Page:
I'm curious about this __security_cookie that I keep seeing all over the msvcp140.dll from my Windows 10 x64 (insider build.)

Here's an example:

enter image description here

Note that the address for indirect function call (or qword_18009FBD0) is taken somewhere from the .data section:

enter image description here

Then it is XOR'ed with the __security_cookie:

enter image description here

I thought that __security_cookie is something that is used on the stack to guard against buffer-overflows. So they must be using some new security technique. Any idea what that is?

And a follow up question. I'm trying to statically analyze this binary code with IDA and this __security_cookie makes it very difficult to see what function is actually being called. For instance, here's how qword_18009FBD0 looks like:

enter image description here

Any idea how to make those function addresses more legible?

  • Probably similar with this.
    – Biswapriyo
    Commented Sep 24, 2019 at 17:02
  • @Biswapriyo no, it's not the "GS cookie", even though it uses the same global variable name. Look at it, it has nothing to do with stack canaries, or "buffer overflows".
    – c00000fd
    Commented Sep 24, 2019 at 19:41
  • a much easier approach: use visual studio cl.exe to compile a random c source, generating assembly listing with /Fa /FAs
    – Limina102
    Commented Jun 5 at 14:22

1 Answer 1


Look for the writes to the qword_18009FBD0 to see where it's initialized.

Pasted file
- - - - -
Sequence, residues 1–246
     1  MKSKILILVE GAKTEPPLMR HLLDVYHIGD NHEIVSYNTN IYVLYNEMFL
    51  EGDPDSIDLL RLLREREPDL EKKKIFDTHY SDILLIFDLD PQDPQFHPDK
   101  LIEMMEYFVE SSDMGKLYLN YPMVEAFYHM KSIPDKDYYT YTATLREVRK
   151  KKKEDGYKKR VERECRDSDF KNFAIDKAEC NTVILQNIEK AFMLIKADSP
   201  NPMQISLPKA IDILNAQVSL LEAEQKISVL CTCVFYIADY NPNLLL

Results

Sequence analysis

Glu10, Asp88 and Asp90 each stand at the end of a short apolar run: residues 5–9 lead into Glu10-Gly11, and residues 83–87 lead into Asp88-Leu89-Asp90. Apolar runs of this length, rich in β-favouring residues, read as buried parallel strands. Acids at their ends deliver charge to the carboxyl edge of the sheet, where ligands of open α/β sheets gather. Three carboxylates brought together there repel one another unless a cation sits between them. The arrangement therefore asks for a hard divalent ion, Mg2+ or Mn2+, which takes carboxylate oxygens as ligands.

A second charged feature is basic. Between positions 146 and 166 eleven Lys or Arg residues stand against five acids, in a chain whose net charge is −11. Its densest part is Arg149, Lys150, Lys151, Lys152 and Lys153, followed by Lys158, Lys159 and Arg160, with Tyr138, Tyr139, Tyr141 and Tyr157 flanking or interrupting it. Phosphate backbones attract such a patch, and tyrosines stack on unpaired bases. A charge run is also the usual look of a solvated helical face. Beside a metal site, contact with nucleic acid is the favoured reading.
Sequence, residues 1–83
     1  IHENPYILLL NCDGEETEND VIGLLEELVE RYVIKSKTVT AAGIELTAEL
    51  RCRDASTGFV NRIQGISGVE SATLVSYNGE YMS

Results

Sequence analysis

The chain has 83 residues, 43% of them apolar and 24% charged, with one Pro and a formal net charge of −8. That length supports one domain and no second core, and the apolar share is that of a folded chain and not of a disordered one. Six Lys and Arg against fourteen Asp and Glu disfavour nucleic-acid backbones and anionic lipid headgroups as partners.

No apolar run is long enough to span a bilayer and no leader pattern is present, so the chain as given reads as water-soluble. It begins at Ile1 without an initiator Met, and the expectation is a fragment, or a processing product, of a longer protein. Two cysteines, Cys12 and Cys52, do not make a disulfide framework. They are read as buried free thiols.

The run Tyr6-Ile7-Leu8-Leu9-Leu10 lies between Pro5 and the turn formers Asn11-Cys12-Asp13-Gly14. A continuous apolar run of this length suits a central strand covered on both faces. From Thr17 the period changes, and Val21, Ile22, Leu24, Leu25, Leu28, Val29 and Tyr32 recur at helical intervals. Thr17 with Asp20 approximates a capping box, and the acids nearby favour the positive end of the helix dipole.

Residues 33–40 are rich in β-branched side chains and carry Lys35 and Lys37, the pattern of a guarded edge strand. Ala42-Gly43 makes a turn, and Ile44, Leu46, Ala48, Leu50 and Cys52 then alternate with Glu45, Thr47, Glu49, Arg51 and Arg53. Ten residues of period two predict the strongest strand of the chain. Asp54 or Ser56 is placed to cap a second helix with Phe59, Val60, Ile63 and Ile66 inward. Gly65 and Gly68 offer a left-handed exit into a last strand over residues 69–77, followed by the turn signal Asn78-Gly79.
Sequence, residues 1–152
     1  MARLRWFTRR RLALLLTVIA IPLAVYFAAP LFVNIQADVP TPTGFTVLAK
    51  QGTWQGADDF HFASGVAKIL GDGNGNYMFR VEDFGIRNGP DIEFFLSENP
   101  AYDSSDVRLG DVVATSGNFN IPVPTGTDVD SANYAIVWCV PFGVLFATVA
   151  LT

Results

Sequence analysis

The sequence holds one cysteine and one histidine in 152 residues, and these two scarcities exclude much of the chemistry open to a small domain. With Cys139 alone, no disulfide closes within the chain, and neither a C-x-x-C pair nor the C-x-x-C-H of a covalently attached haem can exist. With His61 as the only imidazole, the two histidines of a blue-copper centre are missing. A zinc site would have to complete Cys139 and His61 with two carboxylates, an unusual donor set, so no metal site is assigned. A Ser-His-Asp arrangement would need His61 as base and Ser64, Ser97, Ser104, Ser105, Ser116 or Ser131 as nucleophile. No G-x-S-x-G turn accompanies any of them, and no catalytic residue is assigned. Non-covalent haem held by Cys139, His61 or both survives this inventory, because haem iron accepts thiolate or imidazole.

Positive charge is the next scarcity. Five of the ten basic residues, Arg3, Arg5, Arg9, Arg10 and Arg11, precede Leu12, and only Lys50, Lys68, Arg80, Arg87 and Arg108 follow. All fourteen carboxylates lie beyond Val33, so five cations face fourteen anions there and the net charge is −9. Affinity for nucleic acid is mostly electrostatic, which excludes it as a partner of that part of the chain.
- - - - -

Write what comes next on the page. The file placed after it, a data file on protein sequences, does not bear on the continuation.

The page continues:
Apparently it's a part of an array called __encodedKERNEL32Functions where various pointers to kernel32 functions are stored after being XORed with __security_cookie. You can rename the pointer to the kernel32 function's name to better see what is happening:

  ;(from initialize_pointers)
  lea     rdx, aClosethreadpoo ; "CloseThreadpoolTimer"
  mov     rcx, rbx        ; hModule
  mov     cs:qword_180092498, rax
  call    cs:__imp_GetProcAddress
  xor     rax, cs:__security_cookie
  lea     rdx, aCreatethreadpo_0 ; "CreateThreadpoolWait"
  mov     rcx, rbx        ; hModule
  mov     cs:pCloseThreadpoolTimer_xored, rax ;<- variable renamed

__crtCloseThreadpoolTimer proc near 
                sub     rsp, 28h
                mov     rax, cs:pCloseThreadpoolTimer_xored
                xor     rax, cs:__security_cookie
                jz      short loc_180036A8A
                call    cs:__guard_dispatch_icall_fptr ; calls CloseThreadpoolTimer()
                add     rsp, 28h
__crtCloseThreadpoolTimer endp

This mitigation is not actually new and was already used in VS2013 CRT although in a slightly different form. It is probably aimed at reducing the number of available API pointers in standard CRT DLLs to make exploitation harder.

Although __security_cookie is most commonly used for protecting data on the stack (GS and EH cookies), nothing prevents programmers from using it for other purposes as a simple source of entropy.

  • Yeah, I saw that too. There's a large function that repeatedly calls GetProcAddress on various system functions and populates that array. Unfortunately I can't load symbols to see its name. By the way, do you know the name of this security mitigation that they are using there? I haven't seen this before, although it uses the name of the stack canary cookie.
    – c00000fd
    Commented Sep 24, 2019 at 19:56

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